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Gisela Paterno shares these four techniques for continuing with your musical stream of thought after a thematic statement.

https://www.piano-composer-teacher-london.co.uk/post/the-four-options-of-continuation-in-musical-composition

 

I believe this article can be of great use for a young composer seeking to oranise o structure his or her pieces. 

 

The aricle is assertive on explaining these four methods to enable the development of a basic theme.

 

We are looking forward to hear what you think 🙂

Edited by WKMT - Juan
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Thank you for your comment :)!

You are right, they are, but mainly because this article is meant for composition students in their basic - intermediate levels. 

We will be releasing another article which is meant to shed some light on other aspects of composition.

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I'm fairly certain in Beethoven's Opus 2 Sonata, that the intention was to delay the sense of falling sequence. Since he goes from the tonic to dominant... using the Mannheim Rocket method... the expected resolution is generally achieved via downward sequencing of the primary or secondary motivic material. At the end of the example, he also changes the contour of the 16th note pattern- again messing with the listener's anticipation. 

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Agree with Monarcheon, it’s centred in CPP and takes no account of developments that followed. It doesn’t have to deal with atonality that ultimately led to serialism, so perhaps it needs a preface note to say that it applies to music up to the point of Brahms and Bruckner or something similar.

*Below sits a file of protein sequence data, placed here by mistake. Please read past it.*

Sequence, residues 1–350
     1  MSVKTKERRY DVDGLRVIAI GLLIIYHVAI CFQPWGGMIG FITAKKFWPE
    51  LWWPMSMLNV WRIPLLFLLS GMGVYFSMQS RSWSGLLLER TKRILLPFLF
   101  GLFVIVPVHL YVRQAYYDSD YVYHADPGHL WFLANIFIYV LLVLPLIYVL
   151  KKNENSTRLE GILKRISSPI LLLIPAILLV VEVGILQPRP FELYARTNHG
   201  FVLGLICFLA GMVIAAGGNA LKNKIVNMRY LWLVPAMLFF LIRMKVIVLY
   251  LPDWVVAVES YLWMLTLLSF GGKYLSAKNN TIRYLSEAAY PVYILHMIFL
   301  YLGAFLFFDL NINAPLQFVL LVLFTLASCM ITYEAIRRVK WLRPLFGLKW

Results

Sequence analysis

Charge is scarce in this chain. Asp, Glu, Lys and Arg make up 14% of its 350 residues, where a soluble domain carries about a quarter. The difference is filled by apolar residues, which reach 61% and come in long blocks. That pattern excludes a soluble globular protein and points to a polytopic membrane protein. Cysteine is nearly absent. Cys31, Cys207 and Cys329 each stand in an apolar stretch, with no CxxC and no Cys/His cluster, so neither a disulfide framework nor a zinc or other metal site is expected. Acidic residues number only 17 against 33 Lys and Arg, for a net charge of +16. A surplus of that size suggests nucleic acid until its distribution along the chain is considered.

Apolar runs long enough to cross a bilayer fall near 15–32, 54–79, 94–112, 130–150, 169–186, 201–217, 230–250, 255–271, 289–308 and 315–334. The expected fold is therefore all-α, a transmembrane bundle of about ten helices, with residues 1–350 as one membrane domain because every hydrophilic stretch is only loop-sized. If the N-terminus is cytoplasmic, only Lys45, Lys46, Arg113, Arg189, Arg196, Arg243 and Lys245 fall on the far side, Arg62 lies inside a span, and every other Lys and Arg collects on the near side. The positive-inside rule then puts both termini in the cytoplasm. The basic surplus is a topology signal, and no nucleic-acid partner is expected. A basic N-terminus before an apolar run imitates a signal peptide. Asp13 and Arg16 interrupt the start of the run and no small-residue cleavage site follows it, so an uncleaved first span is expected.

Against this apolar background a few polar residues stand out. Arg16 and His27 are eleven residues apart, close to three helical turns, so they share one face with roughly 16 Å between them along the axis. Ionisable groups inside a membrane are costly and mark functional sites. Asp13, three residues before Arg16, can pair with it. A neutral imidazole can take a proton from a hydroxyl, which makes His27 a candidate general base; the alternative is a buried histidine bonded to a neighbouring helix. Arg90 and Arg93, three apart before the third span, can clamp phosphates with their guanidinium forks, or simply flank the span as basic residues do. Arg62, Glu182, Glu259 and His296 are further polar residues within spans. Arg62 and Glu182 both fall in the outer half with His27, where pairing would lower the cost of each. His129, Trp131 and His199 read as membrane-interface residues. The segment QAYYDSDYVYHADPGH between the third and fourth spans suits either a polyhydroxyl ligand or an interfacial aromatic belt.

There are a few new composers who could benefit by an understanding of structure and development because they do utilise tonality. I hear them here: endless drones, formulaic film-sounding music that simply….doesn’t develop; keys that never modulate; dorian harmony that dares only to drop to the VII. Whether they’ll learn anything I suppose depends on their determination to “grow.”

Just a personal opinion, I felt the article over-complicates the issue in some ways. Or perhaps it’s just me aware that I’d explain things differently.

 

Edited by Quinn
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57 minutes ago, Quinn said:

Or perhaps it’s just me aware that I’d explain things differently.

The author seems to be from Argentina, so that means that english is their second or third language. I'd imagine if they wrote it in spanish it'd be easier, same with the other one which was frankly nonsense. I think this may be the reason (or maybe not, English is my third language and I manage to do just fine. Dunno. Benefit of the doubt and all that.)

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